Course Catalog 2015-2016
Academic freedom of students. Students are guaranteed academic freedom; they make known their views, confident that these will be judged by their instructors only with regard to their academic merit.
Specification of course requirements. So that students may be protected from sudden and unexpected shifts in requirements, instructors will provide at an early class meeting a written statement of all academic responsibilities (such as the attendance policy and the number of tests and papers) and will give the class reasonable advance notice of dates when requirements are to be fulfilled.
The instructor must explain how the final grade will be determined, describing the relative weights to be given performance on the final examination, papers, tests, and so on, and whether the final grade will be influenced by participation in class discussion, class attendance, and the like. In making assignments, instructors will have in mind the accessibility of materials or equipment and will be considerate about requiring students to leave Gambier to carry out their academic work. However, this must not be so narrowly construed as to preclude, for example, honors students from obtaining material from other libraries or from doing occasional research off campus, or art students from going to Mount Vernon to obtain materials.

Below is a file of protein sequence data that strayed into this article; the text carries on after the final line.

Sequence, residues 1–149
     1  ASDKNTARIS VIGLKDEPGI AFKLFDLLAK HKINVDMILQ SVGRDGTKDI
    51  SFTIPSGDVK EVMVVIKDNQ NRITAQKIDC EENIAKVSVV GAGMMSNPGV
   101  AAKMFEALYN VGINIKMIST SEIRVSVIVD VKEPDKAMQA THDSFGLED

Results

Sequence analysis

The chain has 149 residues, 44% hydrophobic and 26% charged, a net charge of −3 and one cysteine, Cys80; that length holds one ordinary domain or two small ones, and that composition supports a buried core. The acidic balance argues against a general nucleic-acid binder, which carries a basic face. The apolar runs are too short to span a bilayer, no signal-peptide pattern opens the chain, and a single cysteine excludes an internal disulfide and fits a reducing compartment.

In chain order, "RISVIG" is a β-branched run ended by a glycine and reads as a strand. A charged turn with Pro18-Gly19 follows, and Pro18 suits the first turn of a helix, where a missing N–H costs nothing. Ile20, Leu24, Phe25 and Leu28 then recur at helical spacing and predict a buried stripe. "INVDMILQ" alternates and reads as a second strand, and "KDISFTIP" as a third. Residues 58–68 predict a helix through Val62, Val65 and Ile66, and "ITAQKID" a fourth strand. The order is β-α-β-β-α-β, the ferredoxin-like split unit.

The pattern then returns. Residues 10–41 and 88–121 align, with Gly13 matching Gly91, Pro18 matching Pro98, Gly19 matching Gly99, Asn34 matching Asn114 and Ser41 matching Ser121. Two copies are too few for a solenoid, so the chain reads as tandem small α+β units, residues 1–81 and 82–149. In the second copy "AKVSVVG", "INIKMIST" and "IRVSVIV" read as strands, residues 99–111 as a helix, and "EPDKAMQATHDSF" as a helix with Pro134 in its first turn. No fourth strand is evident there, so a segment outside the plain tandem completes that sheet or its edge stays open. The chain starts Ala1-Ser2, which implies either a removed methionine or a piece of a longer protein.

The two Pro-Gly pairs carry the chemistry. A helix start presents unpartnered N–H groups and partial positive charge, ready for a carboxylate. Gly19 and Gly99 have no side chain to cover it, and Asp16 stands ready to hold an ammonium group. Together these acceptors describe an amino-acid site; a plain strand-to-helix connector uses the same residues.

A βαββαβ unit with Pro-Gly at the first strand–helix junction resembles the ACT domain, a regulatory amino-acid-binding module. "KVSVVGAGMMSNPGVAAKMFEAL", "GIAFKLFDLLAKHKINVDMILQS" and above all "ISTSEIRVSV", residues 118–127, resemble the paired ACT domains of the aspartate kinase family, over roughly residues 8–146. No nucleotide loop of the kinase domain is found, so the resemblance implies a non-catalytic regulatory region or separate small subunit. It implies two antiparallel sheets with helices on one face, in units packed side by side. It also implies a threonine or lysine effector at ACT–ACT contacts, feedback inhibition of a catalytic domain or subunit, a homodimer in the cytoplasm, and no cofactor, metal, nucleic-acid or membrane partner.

Grace periods. The College provides Grace Periods during the year to ensure that 1) students have adequate time, free from extraordinary pressures, to prepare for final examinations, 2) students have winter and spring breaks free from substantial assignments, and 3) the routine work in classes during the final week of the semester is not disrupted. During grace periods, instructors may not offer final exams. Also, instructors should not require assignments beyond what is necessary for normal daily participation in classes, seminars and laboratories during grace periods. Instructors may only schedule more ambitious assignments during grace periods if there is a pedagogical rationale for doing so, and they must inform the class of these assignments at the beginning of the course. The grace periods are seven calendar days before the beginning of the final examination period in each semester and two days following winter and spring vacations.